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Toward Early Prediction of Psychosis: Collaborative Research on Developmental Risk in 22q11.2 Deletion Syndrome


Stacia Friedman-Hill, Ph.D.
Chief, Mechanisms of Cognitive Dysfunction Program and Trajectories of Neurocognitive Functioning Program
Division of Developmental Translational Research


This initiative aims to support a collaborative, multi-site, prospective longitudinal study to track neurodevelopmental trajectories and to collect biomarkers in children and adolescents at high risk for psychosis by virtue of having 22q11.2 deletion syndrome (DS).


It is widely accepted that schizophrenia involves pathological neurodevelopment, possibly due to prenatal abnormalities combined with dramatic changes in adolescence and early adulthood. Elucidating the interplay of genetic and environmental risk and characterizing early neurodevelopmental trajectories of psychosis has been challenging. Familial risk for schizophrenia results in psychosis in a very small proportion of offspring and siblings. 22q11.2 DS provides an opportunity to investigate trajectories of risk, because approximately 30% of patients with this genetic syndrome experience psychosis. NIMH has supported several longitudinal imaging studies of brain and behavioral development in individuals with 22q11.2 DS. These studies are uncovering significant differences in cortical structure and function between individuals with 22q11.2 DS and age-matched typically developing adolescents. Additionally, changes in neuroimaging measures over time have been correlated with changes in neurocognition in individuals with 22q11.2 DS. However, because 22q11.2 DS is a rare disorder, each individual neuroimaging study lacks sufficient power to compare neurodevelopmental trajectories of patients who eventually convert to psychosis with those who do not. Another limitation due to constraints on recruitment has been that study groups have tended to include wide age bands. The proposed coordinated multi-site study would be designed to ensure a well-powered, prospective, multi-modal (involving a variety of imaging technologies), longitudinal study. Starting in preadolescence, the study would determine neurocognitive and neurodevelopmental trajectories and how these are shaped by potential moderators and mediators, such as stress, puberty, social and emotional support, and genomic factors of risk (high penetrance within the deleted region) and resilience (modifiers outside the deleted region).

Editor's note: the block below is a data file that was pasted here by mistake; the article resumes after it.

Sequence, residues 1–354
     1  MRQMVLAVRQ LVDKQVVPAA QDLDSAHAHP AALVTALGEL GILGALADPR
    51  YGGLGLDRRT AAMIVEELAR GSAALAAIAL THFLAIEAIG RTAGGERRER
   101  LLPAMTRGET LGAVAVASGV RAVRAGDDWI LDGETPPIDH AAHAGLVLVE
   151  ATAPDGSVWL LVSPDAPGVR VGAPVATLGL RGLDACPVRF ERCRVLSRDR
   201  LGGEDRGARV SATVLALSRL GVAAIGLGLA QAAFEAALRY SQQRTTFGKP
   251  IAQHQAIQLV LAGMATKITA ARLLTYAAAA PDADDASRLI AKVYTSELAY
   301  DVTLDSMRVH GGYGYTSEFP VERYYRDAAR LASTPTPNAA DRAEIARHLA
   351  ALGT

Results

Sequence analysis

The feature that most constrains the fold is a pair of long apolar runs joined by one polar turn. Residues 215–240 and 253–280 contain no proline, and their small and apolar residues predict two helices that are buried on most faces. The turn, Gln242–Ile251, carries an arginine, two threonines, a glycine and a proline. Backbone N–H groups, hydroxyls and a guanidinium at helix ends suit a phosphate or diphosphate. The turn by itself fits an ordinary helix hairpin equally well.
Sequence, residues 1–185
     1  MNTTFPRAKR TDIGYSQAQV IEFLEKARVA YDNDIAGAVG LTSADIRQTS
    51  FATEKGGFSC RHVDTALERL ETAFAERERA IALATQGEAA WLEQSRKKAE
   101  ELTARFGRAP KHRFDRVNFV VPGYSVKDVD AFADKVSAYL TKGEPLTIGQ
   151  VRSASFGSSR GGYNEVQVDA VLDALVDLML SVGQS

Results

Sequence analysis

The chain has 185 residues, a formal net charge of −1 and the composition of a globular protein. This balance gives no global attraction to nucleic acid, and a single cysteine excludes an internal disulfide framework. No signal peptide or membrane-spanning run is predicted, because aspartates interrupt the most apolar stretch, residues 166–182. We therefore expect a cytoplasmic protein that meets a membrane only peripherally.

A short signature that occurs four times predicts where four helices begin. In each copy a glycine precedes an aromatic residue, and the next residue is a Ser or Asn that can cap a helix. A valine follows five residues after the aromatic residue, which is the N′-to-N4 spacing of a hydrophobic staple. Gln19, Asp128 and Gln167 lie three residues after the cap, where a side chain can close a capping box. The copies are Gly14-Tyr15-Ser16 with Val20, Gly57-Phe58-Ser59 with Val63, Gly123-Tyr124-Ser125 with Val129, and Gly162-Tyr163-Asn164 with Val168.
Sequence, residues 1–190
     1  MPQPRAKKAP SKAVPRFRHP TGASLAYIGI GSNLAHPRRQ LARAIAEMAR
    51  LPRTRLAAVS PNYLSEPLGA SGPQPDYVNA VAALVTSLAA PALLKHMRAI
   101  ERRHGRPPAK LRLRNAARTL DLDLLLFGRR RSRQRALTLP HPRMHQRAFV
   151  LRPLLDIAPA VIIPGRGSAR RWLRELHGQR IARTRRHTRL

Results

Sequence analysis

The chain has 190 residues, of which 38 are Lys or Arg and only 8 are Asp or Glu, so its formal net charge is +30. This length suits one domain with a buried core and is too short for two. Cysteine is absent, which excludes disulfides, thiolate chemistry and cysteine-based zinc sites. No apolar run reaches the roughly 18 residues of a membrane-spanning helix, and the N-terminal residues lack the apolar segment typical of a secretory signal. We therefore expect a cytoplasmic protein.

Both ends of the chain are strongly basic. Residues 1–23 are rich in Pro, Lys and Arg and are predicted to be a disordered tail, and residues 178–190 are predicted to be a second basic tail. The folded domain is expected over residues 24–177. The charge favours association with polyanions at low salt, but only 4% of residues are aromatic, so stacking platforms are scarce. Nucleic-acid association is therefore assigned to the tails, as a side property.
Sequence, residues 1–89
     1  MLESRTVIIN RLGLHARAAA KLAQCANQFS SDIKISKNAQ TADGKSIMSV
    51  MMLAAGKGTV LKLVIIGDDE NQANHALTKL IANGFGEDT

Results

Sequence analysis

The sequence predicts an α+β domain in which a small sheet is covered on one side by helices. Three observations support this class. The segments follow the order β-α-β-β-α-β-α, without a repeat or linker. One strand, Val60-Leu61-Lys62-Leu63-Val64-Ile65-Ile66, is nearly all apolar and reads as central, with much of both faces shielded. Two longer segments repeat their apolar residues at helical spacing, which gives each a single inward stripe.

The proposed initiative would complement other NIMH efforts and would be in a position to leverage genomic findings. The proposed initiative would also be informed by NIMH investments in non-22q11.2 DS individuals with psychosis or in the prodromal stage; working hypotheses would include investigation of whether predictive biomarkers identified in the North American Prodrome Longitudinal Study (NAPLS II) or the Bipolar-Schizophrenia Network for Intermediate Phenotypes (B-SNIP) are also associated with future clinical symptoms when assessed in pre-prodromal individuals with 22q11.2 DS.

A successful initiative would result in a cooperative award with multiple research groups joining forces to characterize neurodevelopmental trajectories of risk and resilience in a large sample of subjects with high genetic vulnerability for psychosis, due to 22q11.2 DS. The large sample size would allow investigators to examine sensitive periods, identify biosignatures for risk and disease onset or progression, compare biomarkers in individuals with 22q11.2 DS to those found in individuals with schizophrenia and other neuropsychiatric disorders, and uncover factors such as stress or family environment which may interact with genomic risk. An additional goal would be harmonization of clinical assessments, neurocognitive measures, and neuroimaging protocols across 22q11.2 DS and the non-22q psychosis spectrum. Through coordination with existing data repositories, this initiative would also strive to establish a widely shared, open-access dataset of neurocognitive and neuroimaging measures from individuals who represent the entire psychosis spectrum (22q and non-22q), including those at risk and in the early stages of pathology.

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